The cost of the 755p hardware (for a user signing up for new service) is $280. So that's ($60 x 24) + $280 = $1720 plus taxes and fees for 24 months.
Compare that to the iPhone and the only difference is the price of the hardware and the $36 activation fee, so the iPhone costs $1976 over the same period. (I went with the cost of the 4gb).
That means the iPhone costs $220 more, and that's not including the cost of a 4gb memory card, since the Treo only comes with 60MB of available end user storage space built-in.
Now, if you were to select the Blackberry 8830 instead of the Treo, it only costs $200, but the unlimited data plan for the Blackberry is $40 ("on sale" the site says from the usual $50), plus that $5 again for 300 text messages.
iPhone 4gb = ($60 x 24) + $500 + $36 = $1976
Treo = ($60 x 24) + $280 = $1720 (with no memory card)
Blackberry = ($85 x 24) + $200 = $2240 (with no memory card)
So the way I see it, the iPhone actually costs pretty much the same as a Treo + memory card, and well less than a Blackberry + memory card over the same 2 year period. Not bad considering you get a built in 4gb iPod, the video playback, the huge touchscreen, and the overall Apple useability.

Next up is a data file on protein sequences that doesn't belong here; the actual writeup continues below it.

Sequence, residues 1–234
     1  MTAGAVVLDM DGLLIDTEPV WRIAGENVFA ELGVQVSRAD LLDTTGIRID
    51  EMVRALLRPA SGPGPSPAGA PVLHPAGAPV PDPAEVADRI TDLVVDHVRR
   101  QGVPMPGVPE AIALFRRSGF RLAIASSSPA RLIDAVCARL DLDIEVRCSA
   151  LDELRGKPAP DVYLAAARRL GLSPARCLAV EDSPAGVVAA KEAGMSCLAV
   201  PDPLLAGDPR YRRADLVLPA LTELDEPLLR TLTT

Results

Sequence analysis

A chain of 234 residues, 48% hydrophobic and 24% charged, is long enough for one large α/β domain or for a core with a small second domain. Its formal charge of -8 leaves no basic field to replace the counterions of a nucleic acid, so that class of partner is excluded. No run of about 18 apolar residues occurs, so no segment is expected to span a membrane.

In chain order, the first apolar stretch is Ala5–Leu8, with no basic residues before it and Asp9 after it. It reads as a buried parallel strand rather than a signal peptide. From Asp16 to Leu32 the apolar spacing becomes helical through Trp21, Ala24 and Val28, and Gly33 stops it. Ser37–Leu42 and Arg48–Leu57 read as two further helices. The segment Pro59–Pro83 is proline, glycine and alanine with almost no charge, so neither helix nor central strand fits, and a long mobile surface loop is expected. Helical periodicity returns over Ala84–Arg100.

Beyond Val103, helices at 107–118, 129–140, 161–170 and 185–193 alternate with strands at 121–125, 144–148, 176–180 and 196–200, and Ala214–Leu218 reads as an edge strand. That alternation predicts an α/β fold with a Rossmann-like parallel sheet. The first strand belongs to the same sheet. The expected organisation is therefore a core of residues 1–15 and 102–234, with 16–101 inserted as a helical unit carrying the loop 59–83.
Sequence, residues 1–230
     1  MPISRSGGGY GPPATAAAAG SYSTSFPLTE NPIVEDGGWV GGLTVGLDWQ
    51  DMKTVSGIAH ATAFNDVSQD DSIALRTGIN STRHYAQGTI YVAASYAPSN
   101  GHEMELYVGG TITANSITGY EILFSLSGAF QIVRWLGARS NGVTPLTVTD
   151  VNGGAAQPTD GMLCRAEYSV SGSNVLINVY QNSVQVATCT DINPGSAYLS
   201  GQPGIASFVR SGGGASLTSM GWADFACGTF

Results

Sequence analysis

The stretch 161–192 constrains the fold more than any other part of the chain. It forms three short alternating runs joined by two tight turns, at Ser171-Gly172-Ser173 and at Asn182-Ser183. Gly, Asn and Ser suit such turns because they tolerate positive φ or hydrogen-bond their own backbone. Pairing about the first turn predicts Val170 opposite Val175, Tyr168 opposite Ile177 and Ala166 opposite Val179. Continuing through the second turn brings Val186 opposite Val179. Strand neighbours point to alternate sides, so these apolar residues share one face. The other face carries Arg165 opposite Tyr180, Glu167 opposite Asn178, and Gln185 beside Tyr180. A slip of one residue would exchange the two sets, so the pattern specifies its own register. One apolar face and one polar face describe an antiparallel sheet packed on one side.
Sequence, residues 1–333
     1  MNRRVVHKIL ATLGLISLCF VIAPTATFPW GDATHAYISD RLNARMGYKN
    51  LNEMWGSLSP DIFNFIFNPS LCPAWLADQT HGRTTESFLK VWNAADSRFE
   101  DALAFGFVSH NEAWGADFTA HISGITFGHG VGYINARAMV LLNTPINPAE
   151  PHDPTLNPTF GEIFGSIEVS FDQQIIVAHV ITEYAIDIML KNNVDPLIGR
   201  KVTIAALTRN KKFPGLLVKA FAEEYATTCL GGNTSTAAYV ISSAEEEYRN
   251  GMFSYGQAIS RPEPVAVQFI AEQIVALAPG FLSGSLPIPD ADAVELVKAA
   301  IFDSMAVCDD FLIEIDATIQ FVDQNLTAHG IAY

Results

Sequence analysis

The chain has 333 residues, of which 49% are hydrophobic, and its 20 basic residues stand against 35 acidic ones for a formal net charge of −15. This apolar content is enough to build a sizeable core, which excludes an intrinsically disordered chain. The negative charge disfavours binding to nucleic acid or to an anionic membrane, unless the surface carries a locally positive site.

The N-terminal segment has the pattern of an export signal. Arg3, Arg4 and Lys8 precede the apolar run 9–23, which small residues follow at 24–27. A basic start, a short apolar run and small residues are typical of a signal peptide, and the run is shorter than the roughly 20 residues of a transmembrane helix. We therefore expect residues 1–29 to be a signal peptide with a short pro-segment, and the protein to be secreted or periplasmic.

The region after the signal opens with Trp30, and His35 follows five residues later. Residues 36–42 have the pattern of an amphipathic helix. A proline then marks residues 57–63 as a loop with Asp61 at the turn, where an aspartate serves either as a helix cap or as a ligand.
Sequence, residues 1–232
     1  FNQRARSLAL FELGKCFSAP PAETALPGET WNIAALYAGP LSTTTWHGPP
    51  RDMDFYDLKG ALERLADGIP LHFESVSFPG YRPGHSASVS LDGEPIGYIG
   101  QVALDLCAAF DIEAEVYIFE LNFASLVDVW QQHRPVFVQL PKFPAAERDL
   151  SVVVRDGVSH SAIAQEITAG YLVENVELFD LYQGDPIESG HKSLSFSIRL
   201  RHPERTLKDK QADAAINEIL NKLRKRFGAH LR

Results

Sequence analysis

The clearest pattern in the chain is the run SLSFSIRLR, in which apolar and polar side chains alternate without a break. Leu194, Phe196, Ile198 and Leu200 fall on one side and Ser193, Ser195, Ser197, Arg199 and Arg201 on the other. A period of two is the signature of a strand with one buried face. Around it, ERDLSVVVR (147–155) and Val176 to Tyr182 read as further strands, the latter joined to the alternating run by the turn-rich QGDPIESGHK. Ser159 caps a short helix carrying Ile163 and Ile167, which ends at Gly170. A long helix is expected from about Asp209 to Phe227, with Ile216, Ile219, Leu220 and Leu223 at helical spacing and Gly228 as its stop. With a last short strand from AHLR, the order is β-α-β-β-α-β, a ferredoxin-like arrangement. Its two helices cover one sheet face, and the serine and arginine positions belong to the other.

I think the bigger issue is that we're not used to seeing how much our phones are really costing us laid out in this sort of fashion, so when we hear $2k for two years of cell phone service, it sounds outrageous. In fact, it probably IS outrageous, but it's not really any more so than what you'd get with "comparable" (as if there were such a thing) smartphones.
I'm pretty open to someone pointing out my mistakes here though if I've made any. I've not been on the iPhone bandwagon at all, even though it seemed pretty cool in the abstract. But I was expecting package prices far higher than the ones that are offered, which are pretty much right on track with what you can get from any carrier right now, and a bigger and bulkier phone. Then I went to a store to check one out today and it completely blew me away. I don't know that I'd get it as a replacement for a blackberry if your primary use is business email and stuff, but I'd have to say it is the coolest personal electronics gadget I've ever laid my hands on. And it was way smaller and lighter than what I was expecting.